LAWRENCE, Kansas – Freedom of speech. It’s in the First Amendment. Some say it’s been dampened in Kansas.

The Kansas Board of Regents recently announced that speech by University employees that is a detriment to the functions of the University, could be cause for discipline.

The issue stems from a controversy initiated by David Guth, a professor at KU who has been kicked out of the classroom by the University of Kansas. Guth tweeted a very controversial tweet last year about the Navy Yard shootings. Some took offense.

Now, some professors say the Kansas Board of Regents policy could have a chill on free speech. In fact, some say they wonder if they could be disciplined or even fired for talking to the media.

“Even having this conversation, if could come within, potentially, the Board of Regents policy,” says KU Law Professor Raj Bhala. “Of course, I am speaking strictly to you on a personal level now. I am not acting as a representative of the university in this conversation.”

Some attorneys in Kansas say this case, if it progresses, could land at the Supreme Court.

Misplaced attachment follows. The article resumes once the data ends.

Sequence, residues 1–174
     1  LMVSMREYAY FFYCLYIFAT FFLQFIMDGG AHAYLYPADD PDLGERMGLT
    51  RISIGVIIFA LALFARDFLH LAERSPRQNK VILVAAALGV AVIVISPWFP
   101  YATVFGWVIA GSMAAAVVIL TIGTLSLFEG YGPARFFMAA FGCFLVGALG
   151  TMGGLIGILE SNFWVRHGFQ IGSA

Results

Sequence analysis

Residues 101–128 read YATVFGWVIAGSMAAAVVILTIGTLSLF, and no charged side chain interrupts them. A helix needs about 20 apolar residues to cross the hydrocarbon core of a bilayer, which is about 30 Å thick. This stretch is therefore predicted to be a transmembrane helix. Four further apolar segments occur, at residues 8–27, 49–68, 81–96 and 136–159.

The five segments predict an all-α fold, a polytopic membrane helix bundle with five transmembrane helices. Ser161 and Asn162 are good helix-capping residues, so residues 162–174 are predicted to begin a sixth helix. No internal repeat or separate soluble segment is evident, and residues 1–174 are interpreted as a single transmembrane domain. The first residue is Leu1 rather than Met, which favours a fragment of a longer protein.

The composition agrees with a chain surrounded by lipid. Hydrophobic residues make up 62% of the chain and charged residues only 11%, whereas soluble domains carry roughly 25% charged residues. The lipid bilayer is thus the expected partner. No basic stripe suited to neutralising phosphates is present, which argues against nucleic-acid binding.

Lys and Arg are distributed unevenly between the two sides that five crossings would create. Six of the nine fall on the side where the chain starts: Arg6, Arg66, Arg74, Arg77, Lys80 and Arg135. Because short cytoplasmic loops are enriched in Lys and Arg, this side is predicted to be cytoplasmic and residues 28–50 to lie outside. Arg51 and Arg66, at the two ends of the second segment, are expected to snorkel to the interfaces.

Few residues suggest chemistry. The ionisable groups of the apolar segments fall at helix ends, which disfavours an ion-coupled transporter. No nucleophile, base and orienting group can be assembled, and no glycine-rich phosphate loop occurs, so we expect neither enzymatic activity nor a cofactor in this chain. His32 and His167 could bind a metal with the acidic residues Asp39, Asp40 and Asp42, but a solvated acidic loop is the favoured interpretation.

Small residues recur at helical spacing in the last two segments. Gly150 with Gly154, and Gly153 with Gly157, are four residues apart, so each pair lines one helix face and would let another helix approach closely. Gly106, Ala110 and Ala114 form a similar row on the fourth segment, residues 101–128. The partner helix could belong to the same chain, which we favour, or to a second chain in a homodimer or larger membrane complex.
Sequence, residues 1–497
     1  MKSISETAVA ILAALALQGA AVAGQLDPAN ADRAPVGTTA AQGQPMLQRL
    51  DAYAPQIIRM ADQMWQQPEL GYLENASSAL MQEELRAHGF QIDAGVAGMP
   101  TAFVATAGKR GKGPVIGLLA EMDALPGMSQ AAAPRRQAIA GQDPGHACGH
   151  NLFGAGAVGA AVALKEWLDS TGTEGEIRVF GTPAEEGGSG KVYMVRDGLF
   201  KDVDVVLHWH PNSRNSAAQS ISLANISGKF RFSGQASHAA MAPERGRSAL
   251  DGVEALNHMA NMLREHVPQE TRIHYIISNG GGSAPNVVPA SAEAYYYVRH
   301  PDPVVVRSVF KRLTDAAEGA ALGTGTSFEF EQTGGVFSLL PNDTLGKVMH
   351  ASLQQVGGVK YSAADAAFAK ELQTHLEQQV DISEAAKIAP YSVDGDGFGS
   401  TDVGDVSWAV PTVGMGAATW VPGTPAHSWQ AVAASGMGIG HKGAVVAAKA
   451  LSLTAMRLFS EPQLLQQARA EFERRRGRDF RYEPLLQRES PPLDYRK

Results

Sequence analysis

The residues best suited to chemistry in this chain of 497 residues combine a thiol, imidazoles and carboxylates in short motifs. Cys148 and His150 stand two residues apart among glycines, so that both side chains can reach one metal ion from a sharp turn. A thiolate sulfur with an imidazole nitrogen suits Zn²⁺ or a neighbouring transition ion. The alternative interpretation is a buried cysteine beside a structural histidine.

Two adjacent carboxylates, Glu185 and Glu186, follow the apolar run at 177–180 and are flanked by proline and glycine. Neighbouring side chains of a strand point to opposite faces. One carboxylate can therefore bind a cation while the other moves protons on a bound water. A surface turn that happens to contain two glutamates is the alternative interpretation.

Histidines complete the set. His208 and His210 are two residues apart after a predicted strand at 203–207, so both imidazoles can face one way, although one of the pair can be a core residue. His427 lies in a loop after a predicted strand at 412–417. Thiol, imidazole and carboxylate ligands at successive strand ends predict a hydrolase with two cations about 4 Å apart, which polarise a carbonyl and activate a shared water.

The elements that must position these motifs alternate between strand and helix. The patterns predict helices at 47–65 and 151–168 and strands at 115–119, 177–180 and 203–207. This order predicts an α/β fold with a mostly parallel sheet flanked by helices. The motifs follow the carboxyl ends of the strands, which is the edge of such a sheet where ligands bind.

“The United States Supreme Court has long emphasized academic freedom under the first amendment,” says Wichita attorney Dan Monnat. “The issue involved in the Board of Regents policy here, brings up exactly the question that has not been decided by the United States Supreme Court. That is, whether the rule restricting speech of public employees applies in academic freedom and scholarship.”

The University of Kansas did respond to KSN requests for comment on the Board of Regents policy.

“The free exchange of ideas is vital to the success of all universities,” said KU Chancellor Bernadette Gray-Little. “We’re working with our faculty, staff and the Board of Regents to ensure the Board’s policy respects and preserves that freedom.”

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